A dilapidated apartment has been transformed with elegant neutral and blue hues to create a calm interior that echoes the property’s stunning coastal setting.
Ogilvy Chalmers, chartered architects, designed and managed this contemporary redevelopment.
This feature appeared in the life style magazine Kitchens Bedrooms & Bathrooms. Ogilvy Chalmers are very grateful to Alison Gibb for words and styling and Douglas Gibb for photography. You can read the full pdf version of Out of the Rough_Larkin Apartment Feature here.
Salty sea air and blue skies assault your senses when you arrive at this Scottish seaside apartment. Only a golf course separates the sandy beach from the front garden and the view from the living room is mesmerising: waves crashing onto an arced bay in stormy weather and the occasional brave golfer undaunted by the winds.
Located within an Edwardian mansion on Scotland’s ‘golf coast’ near Edinburgh, the apartment was in very poor condition when Tony Brown and his partner Francesca first saw it. However, they were instantly taken by the location so decided to buy it and redesign it.
The pair divide their time between Scotland and Italy so they hired the services of architecture and property firm Ogilvy Chalmers, a local company that knows the area well and had worked on renovations for a host of similar period properties before.
Interior designer Camilla Pringle was also drafted in. Initially she was employed to help on the kitchen, but she ended up being involved in the wall colour and fabric selection as well as the interior design throughout the apartment. Most of all, the couple wanted Camilla to
realise their vision for a spacious, contemporary design that maximised light and the views.
Here, Camilla tells us more about the project.
What style of kitchen did the clients go for and why?
Francesca and Tony are very design orientated so I received quite a concise brief. They had done a lot of research prior to me coming on board and had a clear idea of the look they were after. The room’s main role was to as an entertaining space, but it also had to be comfortable when functioning simply as a home. The clients liked the juxtaposition
of a modern kitchen in a traditional setting.
The cabinets are beige and the flooring oak to tone in with the sandy beach outside. Also, the styling is minimal so that the kitchen can disappear to an extent and allow the living area and superb sea views to dominate the room.
What were the clients’ must-have elements in here?
The Corian worktop was a must-have along with an induction hob. The texture they chose, Lava Rock, is perfect: natural in appearance combined with the practicality of manmade composite Corian. Also, the island had to have a pop-up electrical socket so that it can function as a work space or simply a phone charger point when required.
What was your vision for the bedroom?
I aimed to create a fresh sanctuary overlooking the garden, with a soft linen headboard that provides a hint of seaside colour. The result is very clean and simple.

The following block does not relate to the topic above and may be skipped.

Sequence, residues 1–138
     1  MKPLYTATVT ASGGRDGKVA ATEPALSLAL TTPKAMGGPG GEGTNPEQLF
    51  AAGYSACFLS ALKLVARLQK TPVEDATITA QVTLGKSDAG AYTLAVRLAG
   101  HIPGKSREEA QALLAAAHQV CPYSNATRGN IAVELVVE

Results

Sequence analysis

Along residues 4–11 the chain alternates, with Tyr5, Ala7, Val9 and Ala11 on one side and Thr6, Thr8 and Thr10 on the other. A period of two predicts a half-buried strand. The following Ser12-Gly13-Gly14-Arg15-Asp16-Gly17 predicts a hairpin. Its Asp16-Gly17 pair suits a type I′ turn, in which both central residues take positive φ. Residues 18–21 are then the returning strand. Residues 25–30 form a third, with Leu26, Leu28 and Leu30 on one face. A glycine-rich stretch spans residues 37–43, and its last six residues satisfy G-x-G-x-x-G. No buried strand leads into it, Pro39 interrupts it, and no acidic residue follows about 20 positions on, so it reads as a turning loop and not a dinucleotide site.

How does the attached bathroom complement this bedroom in terms of design?
How did you decide on the brassware and sanitaryware for this bathroom?
Chrome is contemporary and minimal so matches the uniform tiling on the walls and floors nicely. This creates the unfussy, no-nonsense look the clients asked for, whilst the curves (on the tap and basin edges) prevent the look from being too clinical.
David Brackenridge from architecture firm Ogilvy Chalmers says…
What took up the majority of the budget?
Making good some hidden previous alterations to the property was particularly costly. Re-positioning the utilities (water, gas and electricity) was also expensive.
What was the biggest challenge with the project?
Creating an open-plan kitchen that was attractive to look at whilst not dominating the space.
Do you have any tips for people embarking on a similar project?
Remember with old buildings that, while they might look fine on the surface, there can be hidden issues. Allow for a good contingency fund.
The kitchen units and furnishings
A flat-panelled unit door with simple stainless-steel bar handle was chosen for a fresh, contemporary feel. The clean lines are further enhanced by the glass splashback.
A simple oblong pendant, bought in Italy, hangs over the kitchen island unit to provide task lighting in the main working area of the kitchen.
A generous slab of Lava Rock Corian wraps around the 3.2m-long island and hob section. There is also a Corian Mixa sink incorporated into the island’s surface teamed with the Perrin & Rowe Mimas single-lever tap for a minimalist look.
Furnishings have been kept simple and natural – coastal blues and sandy tones – in order not to clash with the stunning sea views.
The bedroom and bathroom
In the bedroom, the aim was to maximise daylight and to create a calm, clean look. Window dressings and soft furnishings have been kept to a minimum and a reindeer skin rug is a stunning finishing touch on the warm oak flooring.
The linen headboard is upholstered in a pretty shade of teal, which Camilla has picked up again in a cushion on the chair and with a glass bottle on the side table.
Roman blinds were an obvious choice for the windows in the living area, as they would obscure the view the least.
Blankets and cushions make cosy winter additions.
The slate grey tiles in the bathroom create a very serene and luxurious vibe whilst echoing the colour of the sea outside on most days.
The bathroom was very carefully designed right down to the setting out of the floor and wall tiles to ensure there are no odd-looking cuts or angles that didn’t line up.
You may also be interested in reading Alison Gibb’s blog Her Indoors where you’ll find her ‘musings on interiors’.